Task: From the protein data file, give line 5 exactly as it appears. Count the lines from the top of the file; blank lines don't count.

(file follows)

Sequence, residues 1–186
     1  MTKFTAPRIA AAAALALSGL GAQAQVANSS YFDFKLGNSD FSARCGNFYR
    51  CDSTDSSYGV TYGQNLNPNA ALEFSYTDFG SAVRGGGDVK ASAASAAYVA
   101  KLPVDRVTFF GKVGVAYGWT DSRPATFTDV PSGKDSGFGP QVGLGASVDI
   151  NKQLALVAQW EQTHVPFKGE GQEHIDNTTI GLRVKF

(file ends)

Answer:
   151  NKQLALVAQW EQTHVPFKGE GQEHIDNTTI GLRVKF